Background: Continuous positive airways pressure (CPAP) and bilevel non-invasive ventilation may have beneficial effects in the treatment of patients with acute cardiogenic pulmonary oedema. The efficacy of both treatments was assessed in the UK emergency department setting, in a randomised comparison with standard oxygen therapy.
Methods: Sixty patients presenting with acidotic (pH<7.35) acute, cardiogenic pulmonary oedema, were randomly assigned conventional oxygen therapy, CPAP (10 cm H2O), or bilevel ventilation (IPAP 15 cm H2O, EPAP 5 cm H2O) provided by a standard ventilator through a face mask. The main end points were treatment success at two hours and in-hospital mortality. Analyses were by intention to treat.
Results: Treatment success (defined as all of respiratory rate<23 bpm, oxygen saturation of>90%, and arterial blood pH>7.35 (that is, reversal of acidosis), at the end of the two hour study period) occurred in three (15%) patients in the control group, seven (35%) in the CPAP group, and nine (45%) in the bilevel group (p = 0.116). Fourteen (70%) of the control group patients survived to hospital discharge, compared with 20 (100%) in the CPAP group and 15 (75%) in the bilevel group (p = 0.029; Fisher’s test).
Conclusions: In this study, patients presenting with acute cardiogenic pulmonary oedema and acidosis, were more likely to survive to hospital discharge if treated with CPAP, rather than with bilevel ventilation or with conventional oxygen therapy. There was no relation between in hospital survival and early physiological changes. Survival rates were similar to other studies despite a low rate of endotracheal intubation.
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- CPO, cardiogenic pulmonary oedema
- CPAP, continuous positive airway pressure
- COPD, chronic obstructive pulmonary disease
Acute cardiogenic pulmonary oedema (CPO) is a common cause of acute respiratory failure, presenting to emergency departments. Non-invasive ventilation has been shown to improve oxygenation, increase cardiac output, and reduce the work of breathing.1–4 Several studies have evaluated the use of continuous positive airway pressure (CPAP) in acute CPO,5–13 and others have evaluated the use of bilevel positive airway pressure.13–16 Collectively, the available data suggest that CPAP is effective in terms of reduction in intubation rate and that there is a trend towards reduced mortality.17 In the UK intubation rates for patients presenting to emergency departments are low (10.5% of all patients with acidotic CPO in one study18) and it therefore remains to be seen whether CPAP has a role in UK practice. Studies evaluating bilevel ventilation have variable conclusions, some appearing to show significant benefits,15 while others suggest significant disadvantages with this modality.13,14 One study compared both types of non-invasive ventilation with standard treatment, concluded that bilevel ventilation significantly reduced intubation rate compared with CPAP and controls in patients with CPO.19 These studies are all quite small and have largely been performed in intensive care areas with the help of invasive monitoring.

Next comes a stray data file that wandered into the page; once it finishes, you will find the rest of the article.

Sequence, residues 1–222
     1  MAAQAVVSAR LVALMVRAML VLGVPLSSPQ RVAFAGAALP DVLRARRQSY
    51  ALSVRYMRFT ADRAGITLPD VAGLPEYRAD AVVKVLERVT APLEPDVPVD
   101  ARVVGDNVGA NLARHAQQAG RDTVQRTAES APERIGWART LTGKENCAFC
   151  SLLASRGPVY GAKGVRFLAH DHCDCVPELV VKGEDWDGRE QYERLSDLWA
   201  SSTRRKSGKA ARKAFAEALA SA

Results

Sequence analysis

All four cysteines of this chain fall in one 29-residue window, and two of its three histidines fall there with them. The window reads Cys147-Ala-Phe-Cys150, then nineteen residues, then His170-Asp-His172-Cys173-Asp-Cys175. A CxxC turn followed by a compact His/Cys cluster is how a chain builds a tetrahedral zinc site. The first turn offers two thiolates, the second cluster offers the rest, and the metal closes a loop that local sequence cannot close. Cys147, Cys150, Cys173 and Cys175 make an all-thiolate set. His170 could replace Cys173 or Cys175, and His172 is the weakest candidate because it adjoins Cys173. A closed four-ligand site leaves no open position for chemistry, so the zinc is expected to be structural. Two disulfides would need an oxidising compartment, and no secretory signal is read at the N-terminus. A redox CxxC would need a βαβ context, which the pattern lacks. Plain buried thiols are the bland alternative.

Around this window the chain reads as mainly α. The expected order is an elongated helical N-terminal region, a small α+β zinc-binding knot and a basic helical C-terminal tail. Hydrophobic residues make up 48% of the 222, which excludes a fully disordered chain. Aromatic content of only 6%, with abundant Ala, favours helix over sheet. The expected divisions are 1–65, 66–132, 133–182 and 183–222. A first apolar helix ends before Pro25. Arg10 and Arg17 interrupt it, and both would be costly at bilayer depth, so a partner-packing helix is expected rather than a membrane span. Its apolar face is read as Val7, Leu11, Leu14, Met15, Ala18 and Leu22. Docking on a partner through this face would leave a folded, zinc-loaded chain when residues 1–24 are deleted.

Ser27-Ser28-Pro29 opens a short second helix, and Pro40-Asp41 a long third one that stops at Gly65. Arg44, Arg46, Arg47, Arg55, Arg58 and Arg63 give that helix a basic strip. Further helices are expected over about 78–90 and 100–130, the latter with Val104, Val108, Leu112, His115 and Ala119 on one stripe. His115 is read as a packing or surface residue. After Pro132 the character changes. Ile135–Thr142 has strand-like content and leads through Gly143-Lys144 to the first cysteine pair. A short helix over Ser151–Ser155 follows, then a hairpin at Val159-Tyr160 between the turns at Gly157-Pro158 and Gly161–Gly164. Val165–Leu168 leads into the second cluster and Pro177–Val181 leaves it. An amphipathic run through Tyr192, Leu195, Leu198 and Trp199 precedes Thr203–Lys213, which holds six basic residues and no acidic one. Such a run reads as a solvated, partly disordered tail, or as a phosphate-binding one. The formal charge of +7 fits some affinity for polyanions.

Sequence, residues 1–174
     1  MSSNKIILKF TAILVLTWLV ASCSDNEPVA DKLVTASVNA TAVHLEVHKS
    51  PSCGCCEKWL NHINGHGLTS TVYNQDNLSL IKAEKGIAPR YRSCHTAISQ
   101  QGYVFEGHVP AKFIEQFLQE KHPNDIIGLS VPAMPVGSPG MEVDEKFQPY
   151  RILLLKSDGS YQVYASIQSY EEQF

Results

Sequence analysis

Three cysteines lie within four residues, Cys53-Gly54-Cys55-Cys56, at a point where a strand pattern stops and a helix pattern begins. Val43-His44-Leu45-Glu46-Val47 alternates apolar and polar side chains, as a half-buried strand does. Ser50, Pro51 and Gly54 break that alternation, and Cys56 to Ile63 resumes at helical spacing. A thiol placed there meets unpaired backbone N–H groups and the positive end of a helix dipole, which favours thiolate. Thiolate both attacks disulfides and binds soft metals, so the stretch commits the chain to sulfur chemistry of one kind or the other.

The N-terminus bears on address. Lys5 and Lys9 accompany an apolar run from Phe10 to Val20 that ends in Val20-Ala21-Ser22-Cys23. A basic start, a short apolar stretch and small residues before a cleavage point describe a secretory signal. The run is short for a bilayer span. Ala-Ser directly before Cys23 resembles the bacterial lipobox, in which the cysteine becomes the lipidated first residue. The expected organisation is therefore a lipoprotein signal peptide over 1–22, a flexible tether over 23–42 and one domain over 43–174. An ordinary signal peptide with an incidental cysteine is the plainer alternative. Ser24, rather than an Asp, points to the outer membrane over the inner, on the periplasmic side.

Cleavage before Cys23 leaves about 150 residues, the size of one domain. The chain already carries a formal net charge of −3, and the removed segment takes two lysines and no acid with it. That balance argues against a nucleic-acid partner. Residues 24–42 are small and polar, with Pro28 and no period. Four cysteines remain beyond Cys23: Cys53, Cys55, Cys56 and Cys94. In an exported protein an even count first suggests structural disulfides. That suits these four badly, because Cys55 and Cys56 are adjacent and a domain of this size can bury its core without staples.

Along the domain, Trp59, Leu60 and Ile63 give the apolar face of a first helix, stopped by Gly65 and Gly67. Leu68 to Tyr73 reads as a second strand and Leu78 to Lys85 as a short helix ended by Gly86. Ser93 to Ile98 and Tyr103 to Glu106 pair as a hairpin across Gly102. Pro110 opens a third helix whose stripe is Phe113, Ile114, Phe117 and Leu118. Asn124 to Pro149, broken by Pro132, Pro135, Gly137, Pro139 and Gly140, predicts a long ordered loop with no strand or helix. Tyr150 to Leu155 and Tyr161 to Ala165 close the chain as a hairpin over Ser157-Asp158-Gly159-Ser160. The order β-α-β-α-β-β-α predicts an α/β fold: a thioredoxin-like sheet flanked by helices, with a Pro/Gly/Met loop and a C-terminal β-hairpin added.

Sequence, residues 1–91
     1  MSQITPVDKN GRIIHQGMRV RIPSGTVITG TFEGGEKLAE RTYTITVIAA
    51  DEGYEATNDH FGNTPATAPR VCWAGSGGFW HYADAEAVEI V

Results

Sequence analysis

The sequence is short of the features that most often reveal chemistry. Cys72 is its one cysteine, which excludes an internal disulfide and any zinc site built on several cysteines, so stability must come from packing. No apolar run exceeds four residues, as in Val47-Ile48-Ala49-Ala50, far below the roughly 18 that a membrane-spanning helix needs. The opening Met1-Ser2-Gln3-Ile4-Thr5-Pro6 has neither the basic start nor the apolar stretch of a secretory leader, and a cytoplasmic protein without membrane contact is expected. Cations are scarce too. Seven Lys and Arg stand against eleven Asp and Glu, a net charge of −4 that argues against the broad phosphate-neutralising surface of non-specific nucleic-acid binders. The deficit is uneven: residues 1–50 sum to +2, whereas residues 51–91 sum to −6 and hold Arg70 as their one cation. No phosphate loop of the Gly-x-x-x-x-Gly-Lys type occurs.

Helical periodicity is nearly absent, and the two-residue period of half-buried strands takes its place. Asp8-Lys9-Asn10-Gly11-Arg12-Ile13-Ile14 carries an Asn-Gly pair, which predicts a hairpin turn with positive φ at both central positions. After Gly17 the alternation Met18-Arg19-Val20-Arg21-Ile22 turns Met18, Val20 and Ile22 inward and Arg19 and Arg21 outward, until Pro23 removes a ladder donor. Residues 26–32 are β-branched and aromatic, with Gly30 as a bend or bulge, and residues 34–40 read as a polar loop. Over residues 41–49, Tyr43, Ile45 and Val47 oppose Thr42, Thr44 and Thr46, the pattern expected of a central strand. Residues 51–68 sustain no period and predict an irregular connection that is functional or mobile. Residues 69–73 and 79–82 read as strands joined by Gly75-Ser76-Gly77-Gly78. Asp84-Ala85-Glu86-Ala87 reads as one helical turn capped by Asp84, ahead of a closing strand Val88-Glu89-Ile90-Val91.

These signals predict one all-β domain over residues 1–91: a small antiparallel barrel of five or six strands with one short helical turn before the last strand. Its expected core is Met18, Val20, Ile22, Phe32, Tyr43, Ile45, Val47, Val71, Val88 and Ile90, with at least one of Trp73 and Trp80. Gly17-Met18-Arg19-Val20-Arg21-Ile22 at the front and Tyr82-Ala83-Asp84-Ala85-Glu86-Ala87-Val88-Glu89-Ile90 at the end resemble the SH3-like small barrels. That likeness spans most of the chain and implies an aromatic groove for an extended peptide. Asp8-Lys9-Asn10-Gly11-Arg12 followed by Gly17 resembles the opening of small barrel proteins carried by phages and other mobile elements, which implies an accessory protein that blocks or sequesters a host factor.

Emergency departments in the UK have increasingly used non-invasive ventilators within resuscitation areas, for the treatment of patients with acute respiratory failure secondary to chronic obstructive pulmonary disease (COPD) and CPO.20,21 Such use is often aimed at stabilisation before transfer to a ward or prevention of endotracheal intubation, with all its inherent complications and costs.
We therefore, undertook a prospective randomised controlled trial to investigate whether either CPAP or bilevel ventilation would result in faster recovery within the emergency department in the UK setting, as compared with the use of standard oxygen treatment, in patients with acute CPO. Furthermore, we wished to establish whether, in view of low intubation rates in the UK, this would translate into an improved survival.
Adults who attended either of the emergency department resuscitation rooms of two university hospitals in Leeds with acute dyspnoea, and who had clinical evidence of CPO in the opinion of the treating doctor (for example, widespread pulmonary crepitations, diaphoresis) were eligible for enrolment. Inclusion criteria were: respiratory rate greater than 23 breaths per minute, chest radiological appearance consistent with pulmonary oedema, and arterial blood pH<7.35 (H+ ion concentration>46.7 nmol/l). Exclusion criteria were: hypotension (systolic blood pressure<90 mm Hg), temperature>38°C, patients requiring immediate thrombolysis for myocardial infarction, patients requiring dialysis for renal impairment, patients with impaired consciousness (only responding to pain or not responding at all), and patients with dementia.
All patients were initially given standard oxygen at a rate of 10 litres per minute via non-rebreathe face mask and medical therapy (that is, frusemide, nitrates, and diamorphine) as determined by medical staff without restriction on dose or route of administration. Standard treatments given throughout the study period were recorded and compared for the three groups. One of three researchers (SC, PG, or KR) was phoned on arrival of the patient and was then responsible for patient care during the rest of the study period.